Psoriasis is an uncomfortable skin condition that causes a person to develop patches of dry, scaly skin on their body. It is believed to be caused by uncontrolled inflammation from an overactive immune system. Usually, inflammation begins whenever the body has sustained some type of trauma or infection. Then, when the body is healed, it stops. However, if there is an autoimmune disorder present, then the immune system will malfunction, which leads to the healthy tissue being attacked instead. At first, those who have psoriasis only have their skin affected by the inflammation. But after the condition has continued for ten years or so, it is common for a secondary condition called psoriatic arthritis to begin. This type of arthritis can lead to permanent damage of the joints, so it is important to understand the symptoms and treatment options that are available for the condition.
Some research has shown that psoriatic arthritis may begin because of a genetic predisposition since those who have it often have a close relative with the condition too. The actual trigger that causes the sudden inflammation of the joints to begin after a person has suffered from psoriasis on their skin for years is unknown though. Age also seems to play a factor since psoriatic arthritis occurs mainly in adults who are about 50 years old.
Some of the symptoms of psoriatic arthritis are similar to other types of arthritis. For example, a person will develop joint pain, stiffness, and swelling. There are a few characteristics of the disorder that doctors can use to more easily diagnose it though. For example, a person with psoriatic arthritis will have a specific kind of sausage-like swelling in their fingers if these joints are affected. And one hand may not have any swelling at all because the condition can cause localized inflammation. If the fingernails are examined, they will appear to have deep pits in them. Some fingernails may be pulled away from the nail bed or be entirely absent from falling off over time. Lastly, there will be a visible disfigurement of the affected joints and a rash over the skin.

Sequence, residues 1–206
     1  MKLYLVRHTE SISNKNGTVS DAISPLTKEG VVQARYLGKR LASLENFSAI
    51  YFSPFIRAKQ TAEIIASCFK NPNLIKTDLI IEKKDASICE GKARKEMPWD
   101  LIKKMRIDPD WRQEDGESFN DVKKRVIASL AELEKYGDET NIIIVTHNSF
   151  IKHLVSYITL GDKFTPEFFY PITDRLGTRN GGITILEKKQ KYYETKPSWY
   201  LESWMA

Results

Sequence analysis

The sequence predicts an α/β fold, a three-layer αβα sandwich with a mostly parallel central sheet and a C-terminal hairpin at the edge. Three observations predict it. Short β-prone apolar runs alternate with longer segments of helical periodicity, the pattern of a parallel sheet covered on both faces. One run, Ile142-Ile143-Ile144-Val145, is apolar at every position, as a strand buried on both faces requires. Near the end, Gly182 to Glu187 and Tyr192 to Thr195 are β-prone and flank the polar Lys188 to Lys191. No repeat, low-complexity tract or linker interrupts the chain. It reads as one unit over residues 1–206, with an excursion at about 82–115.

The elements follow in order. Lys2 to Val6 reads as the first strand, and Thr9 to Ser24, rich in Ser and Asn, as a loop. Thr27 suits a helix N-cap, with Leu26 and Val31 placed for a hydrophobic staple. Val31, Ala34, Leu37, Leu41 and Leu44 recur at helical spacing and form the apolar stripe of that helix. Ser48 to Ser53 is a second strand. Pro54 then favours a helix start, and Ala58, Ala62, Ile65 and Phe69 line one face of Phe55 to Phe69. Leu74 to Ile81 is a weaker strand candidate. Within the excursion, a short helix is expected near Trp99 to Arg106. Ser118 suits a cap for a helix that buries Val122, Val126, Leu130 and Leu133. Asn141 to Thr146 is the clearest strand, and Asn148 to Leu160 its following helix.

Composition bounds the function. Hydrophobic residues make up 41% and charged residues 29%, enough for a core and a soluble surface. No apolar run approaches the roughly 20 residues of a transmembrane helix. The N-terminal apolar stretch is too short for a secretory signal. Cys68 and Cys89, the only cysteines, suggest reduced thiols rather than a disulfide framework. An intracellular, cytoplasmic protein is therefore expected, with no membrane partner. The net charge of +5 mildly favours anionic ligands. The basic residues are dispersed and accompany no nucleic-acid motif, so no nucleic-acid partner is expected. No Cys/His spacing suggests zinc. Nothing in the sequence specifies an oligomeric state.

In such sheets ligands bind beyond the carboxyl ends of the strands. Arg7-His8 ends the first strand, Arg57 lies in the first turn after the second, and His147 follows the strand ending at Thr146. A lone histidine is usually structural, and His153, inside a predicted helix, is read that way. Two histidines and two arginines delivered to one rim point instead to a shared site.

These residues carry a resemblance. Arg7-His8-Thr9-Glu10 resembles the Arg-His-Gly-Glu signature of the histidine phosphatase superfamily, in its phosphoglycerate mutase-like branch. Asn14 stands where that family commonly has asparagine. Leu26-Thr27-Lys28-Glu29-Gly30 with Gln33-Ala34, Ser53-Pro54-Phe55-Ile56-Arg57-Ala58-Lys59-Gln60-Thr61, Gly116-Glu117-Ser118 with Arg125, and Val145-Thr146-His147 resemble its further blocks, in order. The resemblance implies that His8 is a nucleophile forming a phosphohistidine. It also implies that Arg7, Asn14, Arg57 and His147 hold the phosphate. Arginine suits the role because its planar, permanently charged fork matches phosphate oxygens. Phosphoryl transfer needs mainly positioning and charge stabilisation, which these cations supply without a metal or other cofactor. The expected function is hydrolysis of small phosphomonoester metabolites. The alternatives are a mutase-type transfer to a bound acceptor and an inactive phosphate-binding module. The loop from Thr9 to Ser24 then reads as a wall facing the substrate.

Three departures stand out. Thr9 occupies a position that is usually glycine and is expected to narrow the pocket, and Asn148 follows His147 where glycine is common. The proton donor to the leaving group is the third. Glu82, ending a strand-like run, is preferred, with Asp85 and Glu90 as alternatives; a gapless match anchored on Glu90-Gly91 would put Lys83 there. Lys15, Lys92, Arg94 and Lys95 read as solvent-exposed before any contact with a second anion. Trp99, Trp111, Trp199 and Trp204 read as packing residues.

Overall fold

Treating psoriatic arthritis usually starts with over-the-counter medications to get the inflammation that is causing it under control. If this doesn't work, then other medications or injections may be offered. The injections are inserted directly into the affected joints though. This can be quite painful. So some people with this condition choose to use a cream that can be absorbed through the skin instead. The area where the cream is applied should be approved by a doctor though because it could interfere with other topical medications that a person is taking for their psoriasis skin condition. That is because the psoriasis ointments that are commonly prescribed can only be used on areas where there is flaking, redness, and itchy skin. If they are applied to healthy skin, they can be very irritating.
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